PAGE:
[Figure 4]a and [Figure 4]b shows the effect of EUP treatment on the levels of CEA and IL-6, TNF-α, and IL-1β in experimental animals. BaP-induced LC bearing mice displayed increased in the levels of CEA and IL-6, TNF-α, and IL-1β significantly (P < 0.05) when compared with that of control and EUP alone treated mice, respectively. This effect drastically (P < 0.05) decreased after treatment of BaP-induced mice with EUP.{Figure 4}

Histology of lung tissues

[Figure 5] shows the histopathological analysis of lung tissue samples obtained from the experimental mice. We observed uniform nuclei and normal architecture in samples obtained from control mice. Cell abrasion with central alveolar and bronchiolar epithelial hyperplasia and thrashing of architecture with deformed alveoli was seen from augmented hyper chromatic nuclei in a tumor tissue revealed in BaP-treated mice. After the administration of EUP, there was a little condensed lung destruction with similar normal structural appearance. EUP decreased the level of alveolar damage and restored normal architecture of the lung tissue.{Figure 5}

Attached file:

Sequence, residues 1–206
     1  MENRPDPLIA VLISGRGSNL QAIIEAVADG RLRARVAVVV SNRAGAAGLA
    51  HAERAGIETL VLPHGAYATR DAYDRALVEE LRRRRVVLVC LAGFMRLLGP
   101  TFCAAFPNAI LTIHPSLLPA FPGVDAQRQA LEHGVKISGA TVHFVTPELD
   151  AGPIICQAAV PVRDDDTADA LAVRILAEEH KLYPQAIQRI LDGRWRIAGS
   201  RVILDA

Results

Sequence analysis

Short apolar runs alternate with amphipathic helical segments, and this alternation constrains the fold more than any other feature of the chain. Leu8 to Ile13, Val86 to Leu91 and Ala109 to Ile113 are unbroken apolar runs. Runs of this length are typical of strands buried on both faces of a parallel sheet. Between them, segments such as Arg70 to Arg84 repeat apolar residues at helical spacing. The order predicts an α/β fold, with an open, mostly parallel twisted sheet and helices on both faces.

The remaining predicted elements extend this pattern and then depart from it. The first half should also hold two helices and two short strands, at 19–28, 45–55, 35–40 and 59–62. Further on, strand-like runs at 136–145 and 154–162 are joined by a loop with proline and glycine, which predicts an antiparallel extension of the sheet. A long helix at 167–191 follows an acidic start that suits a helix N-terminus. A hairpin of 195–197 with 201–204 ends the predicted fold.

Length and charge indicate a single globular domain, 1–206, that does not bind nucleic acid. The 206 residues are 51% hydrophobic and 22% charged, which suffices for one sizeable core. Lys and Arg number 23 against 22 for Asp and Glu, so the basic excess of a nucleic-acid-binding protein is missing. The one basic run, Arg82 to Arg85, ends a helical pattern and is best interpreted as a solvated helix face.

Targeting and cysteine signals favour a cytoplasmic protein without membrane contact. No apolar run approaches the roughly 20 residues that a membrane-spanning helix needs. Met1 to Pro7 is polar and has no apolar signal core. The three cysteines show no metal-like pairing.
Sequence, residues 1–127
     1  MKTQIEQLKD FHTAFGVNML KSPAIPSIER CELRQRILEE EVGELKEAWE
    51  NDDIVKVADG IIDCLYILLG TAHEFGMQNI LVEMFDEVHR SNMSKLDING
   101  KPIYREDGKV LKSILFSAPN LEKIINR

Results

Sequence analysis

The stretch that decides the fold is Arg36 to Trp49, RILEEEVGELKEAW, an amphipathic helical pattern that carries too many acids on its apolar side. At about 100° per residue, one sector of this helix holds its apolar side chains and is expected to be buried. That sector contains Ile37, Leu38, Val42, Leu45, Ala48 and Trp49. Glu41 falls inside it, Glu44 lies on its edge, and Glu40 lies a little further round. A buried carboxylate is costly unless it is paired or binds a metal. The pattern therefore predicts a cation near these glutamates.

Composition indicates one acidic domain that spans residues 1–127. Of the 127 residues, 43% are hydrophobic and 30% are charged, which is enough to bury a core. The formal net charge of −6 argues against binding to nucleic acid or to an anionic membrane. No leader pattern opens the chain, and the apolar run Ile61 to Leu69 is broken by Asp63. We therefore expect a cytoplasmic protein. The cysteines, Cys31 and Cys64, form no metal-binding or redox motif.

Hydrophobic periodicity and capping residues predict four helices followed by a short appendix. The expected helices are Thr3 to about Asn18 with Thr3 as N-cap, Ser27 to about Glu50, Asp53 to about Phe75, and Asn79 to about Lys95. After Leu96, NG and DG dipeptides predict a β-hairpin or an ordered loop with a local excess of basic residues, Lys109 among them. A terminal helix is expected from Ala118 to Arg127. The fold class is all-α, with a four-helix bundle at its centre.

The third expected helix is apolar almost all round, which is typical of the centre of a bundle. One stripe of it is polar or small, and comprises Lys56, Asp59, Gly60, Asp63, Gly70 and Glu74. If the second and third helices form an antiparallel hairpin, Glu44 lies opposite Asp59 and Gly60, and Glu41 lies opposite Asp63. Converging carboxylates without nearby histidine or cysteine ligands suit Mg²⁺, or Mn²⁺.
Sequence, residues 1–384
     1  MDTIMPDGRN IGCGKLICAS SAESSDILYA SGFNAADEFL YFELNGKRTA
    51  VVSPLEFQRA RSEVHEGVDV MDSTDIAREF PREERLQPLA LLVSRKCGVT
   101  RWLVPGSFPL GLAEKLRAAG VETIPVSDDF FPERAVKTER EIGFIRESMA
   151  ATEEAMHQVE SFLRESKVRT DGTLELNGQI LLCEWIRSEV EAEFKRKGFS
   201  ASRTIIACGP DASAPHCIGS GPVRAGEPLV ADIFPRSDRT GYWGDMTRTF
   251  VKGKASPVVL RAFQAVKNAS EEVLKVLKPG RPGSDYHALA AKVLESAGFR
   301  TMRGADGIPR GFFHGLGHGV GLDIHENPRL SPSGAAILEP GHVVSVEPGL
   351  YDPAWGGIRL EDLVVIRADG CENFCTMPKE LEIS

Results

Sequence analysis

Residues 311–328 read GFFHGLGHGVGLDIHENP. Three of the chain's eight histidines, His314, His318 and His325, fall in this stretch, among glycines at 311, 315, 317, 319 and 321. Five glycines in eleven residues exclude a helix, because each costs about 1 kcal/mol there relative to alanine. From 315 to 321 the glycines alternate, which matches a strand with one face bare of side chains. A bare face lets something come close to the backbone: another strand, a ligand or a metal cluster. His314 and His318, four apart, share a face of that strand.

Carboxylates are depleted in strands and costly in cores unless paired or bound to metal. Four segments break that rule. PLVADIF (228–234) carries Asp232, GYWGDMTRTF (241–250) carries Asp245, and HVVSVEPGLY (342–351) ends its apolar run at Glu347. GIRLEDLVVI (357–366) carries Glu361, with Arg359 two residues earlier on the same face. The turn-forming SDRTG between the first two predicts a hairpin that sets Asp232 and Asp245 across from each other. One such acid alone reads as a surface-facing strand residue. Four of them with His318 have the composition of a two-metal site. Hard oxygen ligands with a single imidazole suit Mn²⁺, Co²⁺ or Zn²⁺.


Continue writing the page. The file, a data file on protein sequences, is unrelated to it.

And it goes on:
Effect of eupatilin on cell proliferation of A549 cells

A549 LC cells were incubated with EUP at different concentrations (5–100 μM/mL) for 12 h. According to the results, the cell growth decreased significantly (P < 0.05) compared with the control cells. As shown in [Figure 6]a, increased level of EUP caused a decreased rate in cell proliferation. After 12 h, there was a decreased rate of cell proliferation in cells treated with 100 μM/mL of EUP. Furthermore, it is shown that more that 50% of the cells died after incubation with concentration of 50 μM/mL for 24 h.{Figure 6}

Effect of eupatilin on A549 cells during apoptosis via acridine orange–ethidium bromide dual staining assay

A549 cells were treated with EUP (50 and 75 μM/mL) for 12 h and the morphological changes were detected via AO/EB staining. AO binds with DNA in live cells and emits green fluorescence. EB binds with DNA of dead cells and emits red fluorescence. Apoptotic morphological appearance of some of the chromatin condensation, alterations in the size, nuclear fragmentation, and the shape of cells, as examined through fluorescence microscopic, were measured predominantly after EUP treatment at (50 and 75 μM/mL) for 24 h. The maximum difference in apoptotic cells was recorded for EUP after 24 h (IC50, 50 μM), which was higher than that of control cells. [Figure 6]b shows this clearly. The time interval exposure of the EUP treatment results in induced the necrotic-like cell death.